Low-fat diets have been linked to decreased testosterone levels in men, according to a meta-analysis published in The Journal of Steroid Biochemistry and Molecular Biology. 1
Essentially, low-fat diets can decrease the production of testicular testosterone levels. Not to mention that men are already fighting an uphill battle as they age: total testosterone levels decline at 1.6% a year and bioavailable levels at 2-3% per year.2 Like any challenge, you can lean in or give up. Here is a quick guide on testosterone levels and how to fight back as you age:
Let's start with the basics. You will hear those degrading commercials on late night TV saying your testosterone is down or you need more Free T, but what is the difference?
Getting old is a weird feeling. It's difficult to attribute the changes we feel to either activities (or lack there of) and simply just getting older. As we said earlier, men are going to feel the signs of low testosterone eventually. It's not a matter of if, but when. Here's a helpful list of some of the symptoms:
There are even specific foods that lower your testosterone levels:
Now let's take a look at the foods that help support testosterone levels:
So we talked about free testosterone being helpful, now let's discuss some simple ways to increase them:
I'll let you in on a little secret: there's an everyday supplement that over a million men have trusted to help get their drive back. Mdrive. And I'm one of them. Take the quiz to find the best Mdrive supplement and see for yourself.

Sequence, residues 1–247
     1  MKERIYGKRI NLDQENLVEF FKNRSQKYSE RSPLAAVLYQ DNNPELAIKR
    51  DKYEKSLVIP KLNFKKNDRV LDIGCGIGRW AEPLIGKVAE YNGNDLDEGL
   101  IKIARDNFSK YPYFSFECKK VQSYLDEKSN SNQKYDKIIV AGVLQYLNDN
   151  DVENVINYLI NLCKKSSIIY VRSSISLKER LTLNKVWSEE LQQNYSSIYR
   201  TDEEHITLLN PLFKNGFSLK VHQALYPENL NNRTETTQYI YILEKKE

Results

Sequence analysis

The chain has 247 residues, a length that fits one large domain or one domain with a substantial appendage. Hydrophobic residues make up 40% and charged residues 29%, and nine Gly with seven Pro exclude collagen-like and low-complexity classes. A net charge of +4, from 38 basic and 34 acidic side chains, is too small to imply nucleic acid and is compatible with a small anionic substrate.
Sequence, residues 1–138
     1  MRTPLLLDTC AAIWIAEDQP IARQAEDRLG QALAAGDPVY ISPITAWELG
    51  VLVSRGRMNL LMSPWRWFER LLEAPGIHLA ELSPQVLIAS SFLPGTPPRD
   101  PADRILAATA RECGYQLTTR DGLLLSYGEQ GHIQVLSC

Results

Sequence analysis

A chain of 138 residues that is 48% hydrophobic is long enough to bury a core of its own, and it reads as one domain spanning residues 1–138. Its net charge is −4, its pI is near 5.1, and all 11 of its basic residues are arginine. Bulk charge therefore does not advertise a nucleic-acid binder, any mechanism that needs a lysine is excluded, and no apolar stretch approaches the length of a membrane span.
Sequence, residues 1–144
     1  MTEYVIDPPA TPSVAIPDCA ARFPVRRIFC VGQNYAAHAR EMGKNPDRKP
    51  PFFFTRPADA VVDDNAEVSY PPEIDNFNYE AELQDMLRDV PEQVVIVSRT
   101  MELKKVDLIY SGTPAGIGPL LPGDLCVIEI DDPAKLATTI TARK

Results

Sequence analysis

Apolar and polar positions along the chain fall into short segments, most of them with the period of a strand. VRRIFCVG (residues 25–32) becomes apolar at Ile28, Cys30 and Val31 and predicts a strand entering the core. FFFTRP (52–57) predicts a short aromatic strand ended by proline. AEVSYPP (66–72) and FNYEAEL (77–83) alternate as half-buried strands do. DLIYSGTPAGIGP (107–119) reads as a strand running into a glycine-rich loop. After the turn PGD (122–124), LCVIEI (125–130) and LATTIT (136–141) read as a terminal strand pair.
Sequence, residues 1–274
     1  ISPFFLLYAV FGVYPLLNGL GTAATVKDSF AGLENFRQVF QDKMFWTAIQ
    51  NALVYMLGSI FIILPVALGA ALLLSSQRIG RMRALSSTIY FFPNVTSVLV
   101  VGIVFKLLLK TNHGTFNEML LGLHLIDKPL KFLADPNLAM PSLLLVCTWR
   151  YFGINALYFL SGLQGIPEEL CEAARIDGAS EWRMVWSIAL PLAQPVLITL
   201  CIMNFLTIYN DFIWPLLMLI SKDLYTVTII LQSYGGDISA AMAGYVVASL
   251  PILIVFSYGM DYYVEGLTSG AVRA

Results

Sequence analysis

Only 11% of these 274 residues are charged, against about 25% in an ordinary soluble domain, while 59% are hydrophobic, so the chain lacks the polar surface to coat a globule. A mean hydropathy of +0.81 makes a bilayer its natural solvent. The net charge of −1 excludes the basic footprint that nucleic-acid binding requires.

1Whittaker, J., & Wu, K. (2021). Low-fat diets and testosterone in men: Systematic review and meta-analysis of intervention studies. The Journal of steroid biochemistry and molecular biology, 210, 105878. https://doi.org/10.1016/j.jsbmb.2021.105878
2Feldman, H. A., Longcope, C., Derby, C. A., Johannes, C. B., Araujo, A. B., Coviello, A. D., Bremner, W. J., & McKinlay, J. B. (2002). Age trends in the level of serum testosterone and other hormones in middle-aged men: longitudinal results from the Massachusetts male aging study. The Journal of clinical endocrinology and metabolism, 87(2), 589–598. https://doi.org/10.1210/jcem.87.2.8201
Vitamin D is the final product created by the body when the ultraviolet radiation from sunlight encounters 7-dehydrocholesterol in the skin. A good supply of vitamin D has many health benefits, including contributing to bone health, bolstering your immune system, and even potentially help reduce cancer cell growth. Despite the benefits of sunlight, it also has several other effects on the body that can leave you lethargic or sleepy. Being aware of these will equip you to counteract them and to enjoy your time outside in the sun.
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